Washing the boards in the dish washer did not eliminate the problem either. The bacteria simply moved from the board and settled in another part of the machine where they continued to multiply and were distributed onto other utensils. However, there are some people who still advocate the use of plastic chopping boards over wooden chopping boards.
Cleaning And Maintenance of Chopping Boards
When it comes to cleaning a wooden chopping board, use of hot water with soap will suffice. An earlier study concluded that this mode of cleaning was effective regardless of the type of wood used in manufacturing the board (Ak et al 1994). Cleaning in the dishwasher is not recommended because it causes the wood to crack, split or warp.
When it comes to drying of a wooden chopping board, preference is given to the use of clean paper towels or air drying. A dishtowel is not recommended as it is a fertile ground for multiplication of bacterial colonies. This is because of its multipurpose use and the fact that it is often damp. Drying the board with a dishtowel nullifies the cleaning that is already done.
When constantly washed, a wooden board loses its oily surface and this increases its porosity. Regular oiling with mineral oil and waxing with bee wax is a sure way to keep the board water resistant and increase its life. With the advent of modern technology, microwaving a wooden board has been found to be very effective in sterilizing it but this can only be done if it can fit in the microwave oven. However, when doing so, care should be taken to avoid sparking off fires!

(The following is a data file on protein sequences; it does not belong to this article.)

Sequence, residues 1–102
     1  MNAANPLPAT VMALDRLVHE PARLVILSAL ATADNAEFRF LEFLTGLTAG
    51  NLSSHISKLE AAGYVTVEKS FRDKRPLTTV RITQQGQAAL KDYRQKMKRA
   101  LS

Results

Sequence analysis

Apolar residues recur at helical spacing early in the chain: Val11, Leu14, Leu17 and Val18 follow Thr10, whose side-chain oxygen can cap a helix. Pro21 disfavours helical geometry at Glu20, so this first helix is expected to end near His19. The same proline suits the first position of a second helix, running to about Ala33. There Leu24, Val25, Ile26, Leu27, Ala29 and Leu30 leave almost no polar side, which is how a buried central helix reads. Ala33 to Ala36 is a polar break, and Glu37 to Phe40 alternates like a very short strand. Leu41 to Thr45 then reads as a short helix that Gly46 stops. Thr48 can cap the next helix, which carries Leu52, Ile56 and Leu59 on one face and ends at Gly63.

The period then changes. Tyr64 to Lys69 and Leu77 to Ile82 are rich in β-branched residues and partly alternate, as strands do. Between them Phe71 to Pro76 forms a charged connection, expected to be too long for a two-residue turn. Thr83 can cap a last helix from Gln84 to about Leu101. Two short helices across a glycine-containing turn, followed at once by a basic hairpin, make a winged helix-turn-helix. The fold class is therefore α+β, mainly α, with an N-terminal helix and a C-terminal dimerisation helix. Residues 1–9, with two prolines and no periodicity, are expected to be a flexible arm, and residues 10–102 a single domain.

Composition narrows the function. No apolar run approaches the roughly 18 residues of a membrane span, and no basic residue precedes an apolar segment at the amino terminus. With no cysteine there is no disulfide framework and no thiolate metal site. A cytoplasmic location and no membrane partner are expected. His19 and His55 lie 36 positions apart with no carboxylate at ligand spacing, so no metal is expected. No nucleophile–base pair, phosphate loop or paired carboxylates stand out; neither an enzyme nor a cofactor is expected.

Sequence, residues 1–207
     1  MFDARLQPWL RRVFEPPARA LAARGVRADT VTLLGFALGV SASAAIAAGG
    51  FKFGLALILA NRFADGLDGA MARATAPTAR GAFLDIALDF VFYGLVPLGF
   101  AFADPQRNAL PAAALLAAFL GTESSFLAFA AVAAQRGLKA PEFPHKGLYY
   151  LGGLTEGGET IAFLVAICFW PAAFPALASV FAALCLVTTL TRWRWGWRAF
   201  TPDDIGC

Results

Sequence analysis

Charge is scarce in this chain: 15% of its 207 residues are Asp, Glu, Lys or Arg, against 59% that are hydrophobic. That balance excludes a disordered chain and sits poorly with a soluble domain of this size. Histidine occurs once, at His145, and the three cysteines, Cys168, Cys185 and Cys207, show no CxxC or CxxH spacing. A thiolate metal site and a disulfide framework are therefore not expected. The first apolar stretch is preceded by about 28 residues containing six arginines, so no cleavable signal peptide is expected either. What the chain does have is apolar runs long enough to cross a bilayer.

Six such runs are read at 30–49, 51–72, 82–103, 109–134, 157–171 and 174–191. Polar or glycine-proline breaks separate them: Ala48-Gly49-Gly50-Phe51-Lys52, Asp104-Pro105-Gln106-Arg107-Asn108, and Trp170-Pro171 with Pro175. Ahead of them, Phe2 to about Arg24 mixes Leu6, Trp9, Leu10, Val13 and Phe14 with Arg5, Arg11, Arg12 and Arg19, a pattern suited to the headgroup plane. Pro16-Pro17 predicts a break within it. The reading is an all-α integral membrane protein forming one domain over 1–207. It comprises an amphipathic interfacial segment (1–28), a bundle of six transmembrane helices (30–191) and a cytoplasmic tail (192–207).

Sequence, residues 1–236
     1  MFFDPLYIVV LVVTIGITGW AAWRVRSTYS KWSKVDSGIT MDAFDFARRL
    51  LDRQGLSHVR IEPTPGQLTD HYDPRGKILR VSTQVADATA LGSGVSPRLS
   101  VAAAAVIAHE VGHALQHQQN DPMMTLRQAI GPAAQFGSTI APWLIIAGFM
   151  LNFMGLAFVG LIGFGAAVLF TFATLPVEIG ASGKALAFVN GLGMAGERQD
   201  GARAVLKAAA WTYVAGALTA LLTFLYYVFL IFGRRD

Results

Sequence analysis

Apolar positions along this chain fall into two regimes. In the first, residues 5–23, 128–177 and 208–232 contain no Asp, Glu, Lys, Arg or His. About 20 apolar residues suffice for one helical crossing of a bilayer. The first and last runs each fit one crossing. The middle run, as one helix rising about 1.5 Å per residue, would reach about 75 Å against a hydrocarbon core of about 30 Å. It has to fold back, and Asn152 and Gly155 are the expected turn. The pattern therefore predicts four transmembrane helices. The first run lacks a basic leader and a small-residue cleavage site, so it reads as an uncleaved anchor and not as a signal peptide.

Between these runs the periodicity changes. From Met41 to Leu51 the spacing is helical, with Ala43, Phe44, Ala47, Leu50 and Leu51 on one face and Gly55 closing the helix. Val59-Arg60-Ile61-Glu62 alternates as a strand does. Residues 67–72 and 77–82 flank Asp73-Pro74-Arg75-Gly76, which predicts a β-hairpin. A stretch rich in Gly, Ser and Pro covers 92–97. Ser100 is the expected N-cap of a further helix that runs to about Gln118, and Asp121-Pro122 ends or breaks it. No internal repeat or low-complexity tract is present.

You can clean your wooden or plastic chopping board by scrubbing it with a mixture of salt, baking soda and water. You can also use 3% hydrogen peroxide with a paper towel to wipe clean the chopping board to kill the bacteria. Use lemon to sanitize your chopping board and also to remove the smell of food you have chopped. Vinegar can also be used to disinfect wooden chopping boards. (http://www.rd.com/food/recipes-cooking/6-effective-ways-to-clean-cutting-boards/)
Worn out chopping boards should be replaced with a new one and remember to replace them regularly.
Health Risks of Using Same Chopping Boards to Chop Veggies And Meats
Using the same chopping board to prepare meat, vegetables and breads is a definite no. A recent food report in the USA found out that up to 80% of chicken available at consumer outlets was contaminated with either salmonella, campylobacter or both. It is not hard to imagine what happens when vegetables are prepared after the chicken without the board being well washed in between. The bacteria left on the board find a haven in the vegetables. Currently, vegetables are eaten raw or half cooked.
Depending on the heat process to kill the microbes is therefore out of the equation. Inevitably, the bacteria that were on the meat end up in the stomach. It is as though one ate the raw meet directly. Sooner or later, one comes down with food poisoning popularly known as stomach flu. It is therefore advised, to use at least two chopping boards with one of them being dedicated exclusively for use when preparing meats.
Chopping boards are the commonly used kitchen tools. Cleaning and disinfecting them in a correct manner is very important to prevent food poisoning and other such food borne illnesses.
Photo by Dr. Lakshmi Arvin @http://www.flickr.com/photos/lakshmiarvind/3478597365/ @creativecommons